Let’s Get Personal

Sometimes you have words worth writing down every day for months at a time. Sometimes you can’t even open a word document for a month and a half. Sometimes you tell yourself you’re doing fine and you’re getting by despite every little task feeling like trying to push a boulder up a mountain. Sometimes you tell yourself and your friends that you’re happy and you are actually better off without him, like, you can’t even believe how dumb you were being. Thank GOD it only lasted five months. To the day- did I mention that? It happened on the fifth. Oh, I did mention it? Sorry, it gets hard to remember what I said sometimes. Yeah, no I’ve been getting sleep. I mean, maybe not enough, but I’m getting everything done. Haven’t called out of work yet. They’re actually really happy with how I’m fitting in there. Yeah. It’s exciting.

Sometimes you stop to think about how you’re doing. Like, how you’re really, truly doing. And it scares you so much you start listing the accomplishments you’ve made recently. You realize how easy it is to convince people you’re Happy and you’re Doing So Good, like You Should Write A Book On How You Got Over Your Depression. If Everyone Did What You’re Doing, I Think We’d All Be So Much Happier.

And sometimes you are doing good. Comparably, you’re doing a million times better. Side-by-side to your younger self? Unrecognizable. And you take pride in that. But sometimes your mood dips and a twinge of guilt takes up residence in your chest. You worry the worst isn’t actually over yet and this was just one long moment of clarity.

And as the years go on, you realize that might just be a part of depression. All the coping skills in the world and all the reworking thoughts can’t take it away. There will still be bad days and you might not get out of bed until 5 sometimes. And that’s okay. Because you’ve been through this before and you know the routine: feel bad until you don’t anymore and try not to ruin your whole life in the process. And you’ve gotten so good at not ruining everything.

Would 7-year-old me be proud of who I’ve become?

Sometimes it feels like I’m not myself anymore. But I am, I’m just growing. And changing. I’m finding my way in the world as an adult. Not that that’s new, it’s been a good few years now, but when I was first 18, I didn’t feel like an adult. Even when I turned 21 and I went out and bought a six pack even though I don’t drink, I felt like I was faking it.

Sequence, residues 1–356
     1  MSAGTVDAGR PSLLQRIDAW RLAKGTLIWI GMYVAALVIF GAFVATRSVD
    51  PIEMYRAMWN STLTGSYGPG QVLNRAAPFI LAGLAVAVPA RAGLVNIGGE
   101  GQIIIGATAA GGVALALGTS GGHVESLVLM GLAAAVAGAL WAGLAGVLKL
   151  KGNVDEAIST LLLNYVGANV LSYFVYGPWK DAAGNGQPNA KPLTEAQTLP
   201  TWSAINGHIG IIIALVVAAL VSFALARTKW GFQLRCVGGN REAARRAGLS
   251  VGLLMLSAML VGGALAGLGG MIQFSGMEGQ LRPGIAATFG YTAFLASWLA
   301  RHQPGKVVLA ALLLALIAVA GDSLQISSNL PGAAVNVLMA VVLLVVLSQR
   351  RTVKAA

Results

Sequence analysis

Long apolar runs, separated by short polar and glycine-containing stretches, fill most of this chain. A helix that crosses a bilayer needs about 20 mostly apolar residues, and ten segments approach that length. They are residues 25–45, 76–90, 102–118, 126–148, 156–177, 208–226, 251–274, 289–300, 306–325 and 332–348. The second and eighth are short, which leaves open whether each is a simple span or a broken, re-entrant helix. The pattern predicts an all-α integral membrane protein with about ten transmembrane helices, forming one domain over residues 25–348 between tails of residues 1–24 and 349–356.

But now it’s been a few years, I know my favorite brand of beer and I’ve voted five times. I’ve felt what it’s like to fall in love and I know all too well the hopelessness of heartbreak. I still live at home and I’m still trucking along in college, but both of those are nearing the end of their lifespan. I can’t help but wonder where I’ll be in five years. That feels like a more daunting question now than it ever has. Will I still be living five minutes from the beach? Will I still be friends with these people who’ve lived down the street from me our whole lives? Will I have started my career? Will I be happy?

Sometimes I wish I could go back to being 7, laying in the grass in the backyard of my childhood home, listening to the same song on repeat until I learned all the lyrics. Or until it got dark out. That song was eight minutes and four seconds long. It was a song from before I was born and I still remember most of the lyrics. I wanted to learn the words so bad for virtually no reason other than just wanting to. I would write on a piece of paper for weeks, all the lyrics to this song from my parents’ childhood. And eventually, I learned all the words. I never showed it off to anyone, I never sang it for anyone. I did that purely because I wanted to see if I could.